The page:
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www.mccully.co.nz 24 February 2006

www.mccully.co.nz 24 February 2006

A Weekly Report from the Keyboard of Murray McCully
MP for East Coast Bays

Not a Razor Gang?????

So Trevor Mallard denies that the new Expenditure Control Cabinet Committee he chairs is a razor gang. The reviews are "not aimed at cost cutting," he said. It is, apparently, a mere coincidence, that the Ministries targeted for review initially just happen to be places where cash is sloshing around all over the place, with managers having little idea where it is going.

As far back as early 2005, the Treasury was telling the government that cash-soaked, bloated Ministries and departments were out of control, and wasting large amounts of cash on poor quality programmes. They urged a process for reigning in the wastrels, and restoring financial disciplines amongst departmental big-spenders. But all of this occurred at a time when our Government had on its mind something much more important than securing value for taxpayers’ money. As far as they were concerned, bureaucrats could waste as much money as they liked, and long as it helped Labour get re-elected.

Pivotal to Labour’s re-election strategy was a claim that a National government would fund tax cuts by cutting core public services. To maintain the fiction that there was no public sector waste for a new National government to trim, any process to target waste was strictly off the agenda. But now, with the election out of the way, the process long advocated by the Treasury is about to commence. But still the fiction must be retained: it is "not aimed at cost cutting," merely at "moving resources to where they have the greatest impact within the agency." Pity it’s too big for a Tui billboard.

The Wastrels

Because the new committee will not be cost-cutting, it is mere coincidence that the biggest wastrels in the public service are the first candidates for review. Just check out the list:

Business Assistance Programmes
Those wonderful schemes which have seen Mr Anderton give away about $250 million a year to outstanding investments like Sovereign Yachts and a host of equally unfocussed programmes.

The Health Sector

Nearly $10 billion a year is given to the Ministry of Health which, according to recent evidence, hasn’t got a blind clue what it does with it. Just read the Auditor-General’s report into the Allen and Clark contracting scandal.


Funding for Child Youth and Family has increased 50% in the past three years, but the same incompetent bungling carries merrily on.

And capital expenditure programmes in suspect departments will also come under scrutiny in areas like Corrections (where new prison costs were under-estimated by a cool $140 million) and Defence (who are spending $100 million on the Charles Upham Mark 2 - a multi-role vessel that will have to park up and wait for a calm day before it can load or unload troops and supplies).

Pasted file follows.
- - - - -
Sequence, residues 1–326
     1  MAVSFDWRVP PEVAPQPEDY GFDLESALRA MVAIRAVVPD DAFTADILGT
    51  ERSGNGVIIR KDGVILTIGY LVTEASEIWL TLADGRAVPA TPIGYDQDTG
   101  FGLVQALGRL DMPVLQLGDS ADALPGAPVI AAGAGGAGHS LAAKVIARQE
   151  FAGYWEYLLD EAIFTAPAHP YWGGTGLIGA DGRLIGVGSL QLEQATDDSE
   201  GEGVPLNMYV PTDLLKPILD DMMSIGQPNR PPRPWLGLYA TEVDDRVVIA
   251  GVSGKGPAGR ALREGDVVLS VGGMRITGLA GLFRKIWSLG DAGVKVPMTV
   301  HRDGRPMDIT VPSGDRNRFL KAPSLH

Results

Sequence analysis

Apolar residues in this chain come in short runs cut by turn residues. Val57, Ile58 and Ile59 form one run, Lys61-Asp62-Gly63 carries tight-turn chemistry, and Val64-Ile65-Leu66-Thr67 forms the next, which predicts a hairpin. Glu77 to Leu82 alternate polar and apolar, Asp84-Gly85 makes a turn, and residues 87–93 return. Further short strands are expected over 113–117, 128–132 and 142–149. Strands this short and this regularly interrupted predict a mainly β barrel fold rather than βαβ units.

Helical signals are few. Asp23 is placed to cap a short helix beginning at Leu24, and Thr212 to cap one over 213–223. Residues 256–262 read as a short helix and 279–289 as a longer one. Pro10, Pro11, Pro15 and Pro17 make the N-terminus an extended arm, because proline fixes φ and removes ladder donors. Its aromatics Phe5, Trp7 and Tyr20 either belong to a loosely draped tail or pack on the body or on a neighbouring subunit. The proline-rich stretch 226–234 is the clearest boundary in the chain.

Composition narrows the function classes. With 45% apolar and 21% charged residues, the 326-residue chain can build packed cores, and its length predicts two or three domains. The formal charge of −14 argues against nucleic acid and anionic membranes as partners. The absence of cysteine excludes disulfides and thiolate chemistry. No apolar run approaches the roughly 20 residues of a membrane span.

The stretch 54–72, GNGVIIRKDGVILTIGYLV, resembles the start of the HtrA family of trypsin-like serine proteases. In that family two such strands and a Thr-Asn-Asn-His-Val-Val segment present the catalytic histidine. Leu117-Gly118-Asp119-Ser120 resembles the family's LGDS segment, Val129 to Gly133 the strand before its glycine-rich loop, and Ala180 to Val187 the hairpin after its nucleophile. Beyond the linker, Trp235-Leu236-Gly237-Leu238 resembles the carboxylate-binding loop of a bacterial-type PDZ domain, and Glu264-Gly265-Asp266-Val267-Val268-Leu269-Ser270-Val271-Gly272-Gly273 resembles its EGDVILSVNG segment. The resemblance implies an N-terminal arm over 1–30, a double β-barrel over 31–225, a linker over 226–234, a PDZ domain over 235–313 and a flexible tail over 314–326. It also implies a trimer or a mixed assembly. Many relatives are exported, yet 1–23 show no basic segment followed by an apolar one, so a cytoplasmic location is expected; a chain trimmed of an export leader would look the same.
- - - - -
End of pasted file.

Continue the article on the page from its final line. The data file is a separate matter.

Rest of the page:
Not on Mr Mallard’s initial list, because that would be just tooooo embarrassing, is the Education sector, over which he, until recently presided. When Mallard was appointed in 2000 the Ministry of Education employed 599 staff. By 2005 that had ballooned to a massive 2449, which, even after making allowance for the reintegration of Special Education into the Ministry, must put Mallard in contention for the Guinness Book of Records. And that’s without including the new Tertiary Education Commission, fulfilling functions previously undertaken by the Ministry, with a budget of around $43 million and a staff of over 300.

So the task for Mr Mallard is simple. If he wants to get some quick runs on the board, wiping out the most obvious waste, and the most useless bureaucracy he just needs to get his committee to work on the Ministry that used to be his, and unpick everything he has done in the past six years.

The Global Business Ripoff

More easy pickings for Trev. and his colleagues are sure to be found at today’s Global Business Forum in Auckland. For $2 700 a head, the participants from the business community get hot tips on business success from such luminaries as Michael Eisner (fired by Disney), Carly Fiorina (fired by Hewlett Packard), and Bill Clinton (whose relevance to the conference topic must surely lie in the fact that he was impeached by Congress for being on the business when he shouldn’t have been).